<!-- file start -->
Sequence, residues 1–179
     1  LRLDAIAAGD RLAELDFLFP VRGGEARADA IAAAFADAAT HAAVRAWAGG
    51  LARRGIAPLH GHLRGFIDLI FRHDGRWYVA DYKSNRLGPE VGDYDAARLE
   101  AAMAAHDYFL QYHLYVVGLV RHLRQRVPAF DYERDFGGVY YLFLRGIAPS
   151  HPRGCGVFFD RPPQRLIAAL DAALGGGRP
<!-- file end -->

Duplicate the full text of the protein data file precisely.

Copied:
Sequence, residues 1–179
     1  LRLDAIAAGD RLAELDFLFP VRGGEARADA IAAAFADAAT HAAVRAWAGG
    51  LARRGIAPLH GHLRGFIDLI FRHDGRWYVA DYKSNRLGPE VGDYDAARLE
   101  AAMAAHDYFL QYHLYVVGLV RHLRQRVPAF DYERDFGGVY YLFLRGIAPS
   151  HPRGCGVFFD RPPQRLIAAL DAALGGGRP